She seems to have been loving with the maids (Prescott, 1894). "In hiring servants Madame Bolliet is particularly generous. Her orders are to get only the best, and to pay them liberally. All the Vanderbilt servants are obtained from the congregation of a dear little French church, on Thirtieth Street, the pastor of chic is personally responsible to the directress for the honesty of those he recommends. ”(Prescott, 1894). Madame Bolliet therefore had an early relationship with the French Evangelical Church in New York and later directed its organization for young women. She seems to have run the home for women with love and passion (Unions chrétiennes de jeunes filles, 1914).
How long did Theresa stay there? Did she feel comfortable? Did her arrival in New York go according to plan or did she imagine it would be any different? In 1915, in any case, 19 women from France, Italy and Switzerland lived in the Young Women Home Society in addition to Madame Bolliet (New York State, 1915). Theresa was no longer listed; she had to have moved out before the summer of 1915 (New York State, 1915).
In the following years she must have met her husband Otto Stepanek. Otto was born on February 16, 1890 in Karlsbad, then Austria (Roman Catholic Church Karlsbad, 1890). His parents Josef and Katharine Štěpánek had their son baptized Emmanuel Otto on February 23 (Roman Catholic Church Karlovy Vary, 1890). Otto's father Josef was a bookbinder (Roman Catholic Church Karlsbad, 1890). On December 8, 1913, the 23-year-old Otto traveled to New York with a friend Rudolf Kretschmar. As a profession, like his father, he stated bookbinder. Otto was about 5'6, had fair skin, blonde hair and blue eyes. (Records of the Immigration and Naturalization Service, 1913c)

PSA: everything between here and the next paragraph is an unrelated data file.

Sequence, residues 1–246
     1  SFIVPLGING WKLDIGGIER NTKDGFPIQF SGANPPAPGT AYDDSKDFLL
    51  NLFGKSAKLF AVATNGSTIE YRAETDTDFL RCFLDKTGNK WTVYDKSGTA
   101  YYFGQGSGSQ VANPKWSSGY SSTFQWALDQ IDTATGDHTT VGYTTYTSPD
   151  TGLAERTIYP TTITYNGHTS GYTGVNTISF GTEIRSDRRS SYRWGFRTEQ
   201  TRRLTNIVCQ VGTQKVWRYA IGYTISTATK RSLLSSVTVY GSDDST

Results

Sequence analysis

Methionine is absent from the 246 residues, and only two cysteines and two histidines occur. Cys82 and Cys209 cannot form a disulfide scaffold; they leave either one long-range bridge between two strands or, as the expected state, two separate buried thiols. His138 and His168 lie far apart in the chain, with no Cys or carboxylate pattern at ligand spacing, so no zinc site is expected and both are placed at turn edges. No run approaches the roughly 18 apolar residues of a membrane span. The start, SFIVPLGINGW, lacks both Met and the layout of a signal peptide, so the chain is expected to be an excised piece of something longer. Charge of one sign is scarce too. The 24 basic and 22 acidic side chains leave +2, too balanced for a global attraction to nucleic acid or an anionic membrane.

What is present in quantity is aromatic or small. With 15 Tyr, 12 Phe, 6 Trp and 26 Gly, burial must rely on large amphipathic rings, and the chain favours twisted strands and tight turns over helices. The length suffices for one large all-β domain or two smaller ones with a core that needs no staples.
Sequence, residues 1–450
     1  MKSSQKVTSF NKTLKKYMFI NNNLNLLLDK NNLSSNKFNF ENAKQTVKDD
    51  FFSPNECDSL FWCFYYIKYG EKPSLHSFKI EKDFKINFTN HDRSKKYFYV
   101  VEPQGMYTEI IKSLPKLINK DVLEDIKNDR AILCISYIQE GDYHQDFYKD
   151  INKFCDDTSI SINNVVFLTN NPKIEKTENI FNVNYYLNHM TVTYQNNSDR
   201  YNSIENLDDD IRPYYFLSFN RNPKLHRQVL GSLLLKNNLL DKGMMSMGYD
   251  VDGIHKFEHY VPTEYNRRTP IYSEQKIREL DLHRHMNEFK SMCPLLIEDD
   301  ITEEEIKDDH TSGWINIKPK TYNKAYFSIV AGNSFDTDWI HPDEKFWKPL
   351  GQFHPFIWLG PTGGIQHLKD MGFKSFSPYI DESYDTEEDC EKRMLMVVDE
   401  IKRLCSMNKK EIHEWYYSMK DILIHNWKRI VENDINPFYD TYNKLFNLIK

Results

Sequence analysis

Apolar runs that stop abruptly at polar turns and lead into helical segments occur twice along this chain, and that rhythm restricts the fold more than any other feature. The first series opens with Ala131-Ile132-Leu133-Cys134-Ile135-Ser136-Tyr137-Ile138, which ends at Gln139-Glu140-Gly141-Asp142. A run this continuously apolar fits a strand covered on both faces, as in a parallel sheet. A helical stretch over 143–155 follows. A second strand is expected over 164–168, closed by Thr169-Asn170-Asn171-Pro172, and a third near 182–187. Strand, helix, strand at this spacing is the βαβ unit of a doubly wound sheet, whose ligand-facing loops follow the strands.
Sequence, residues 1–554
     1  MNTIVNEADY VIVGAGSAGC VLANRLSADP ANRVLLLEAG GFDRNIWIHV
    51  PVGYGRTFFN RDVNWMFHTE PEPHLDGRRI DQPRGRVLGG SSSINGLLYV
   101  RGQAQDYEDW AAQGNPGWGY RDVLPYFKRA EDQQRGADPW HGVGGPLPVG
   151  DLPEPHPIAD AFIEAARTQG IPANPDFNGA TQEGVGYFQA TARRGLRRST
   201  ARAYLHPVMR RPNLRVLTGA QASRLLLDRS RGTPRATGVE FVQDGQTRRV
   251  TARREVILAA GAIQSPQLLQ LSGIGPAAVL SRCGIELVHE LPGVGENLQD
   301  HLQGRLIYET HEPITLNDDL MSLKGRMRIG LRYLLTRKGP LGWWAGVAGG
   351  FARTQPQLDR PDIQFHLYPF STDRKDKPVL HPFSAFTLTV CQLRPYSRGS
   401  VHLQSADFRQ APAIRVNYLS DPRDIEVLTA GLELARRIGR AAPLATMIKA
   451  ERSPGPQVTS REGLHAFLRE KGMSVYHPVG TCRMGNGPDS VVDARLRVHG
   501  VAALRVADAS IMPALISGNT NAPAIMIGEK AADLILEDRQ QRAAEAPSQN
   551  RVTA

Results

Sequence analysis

Their first daughter Anna Theresa was born around 1916 (Kemmner, 2019). On June 5 of the same year, Otto had to register for service in WWI. He is now described as medium-sized, strong, with blue eyes and black hair. Otto is married and wants to be excluded from duty to support his wife and child. Although his wife's name is not explicitly mentioned, later recordings show that Theresa was married to Otto Stepanek. Their address was 174 E 85th Street in New York. (United States, 1917)
The small family lived in Germanville, an area between 79th and 96th Street from Third Avenue to the East River. This area was home to immigrants from Germany, Hungary, Austria, the Czech Republic, Russia and Poland who spoke German - hence the name. Only one street further, 86th Street was the heart of the district and was also called Sauerkraut Boulevard, where you could find breweries, cafés, pastry shops and a German-language film theater. (Schulz, 2016)
Otto worked as a machinist for the Rapid Addressing Machine Company on 32 W 23rd Street (United States, 1917). The Rapid Addressing Company produced addressing machines for letters, in which the characters were placed on a piece of paper and then automatically glued onto the board with the machine (Early Office Museum, 2016). The second child Joseph Stepanek was born on January 8, 1918 (Ancestry, 1944). The daughter Anna was probably named after Theresa's mother Anna Katharina Schmidt and the son after Otto's father Josef. After my grandmother passed away in 2018, we found boxes with old photos. It also contained photos of Anna and Joseph.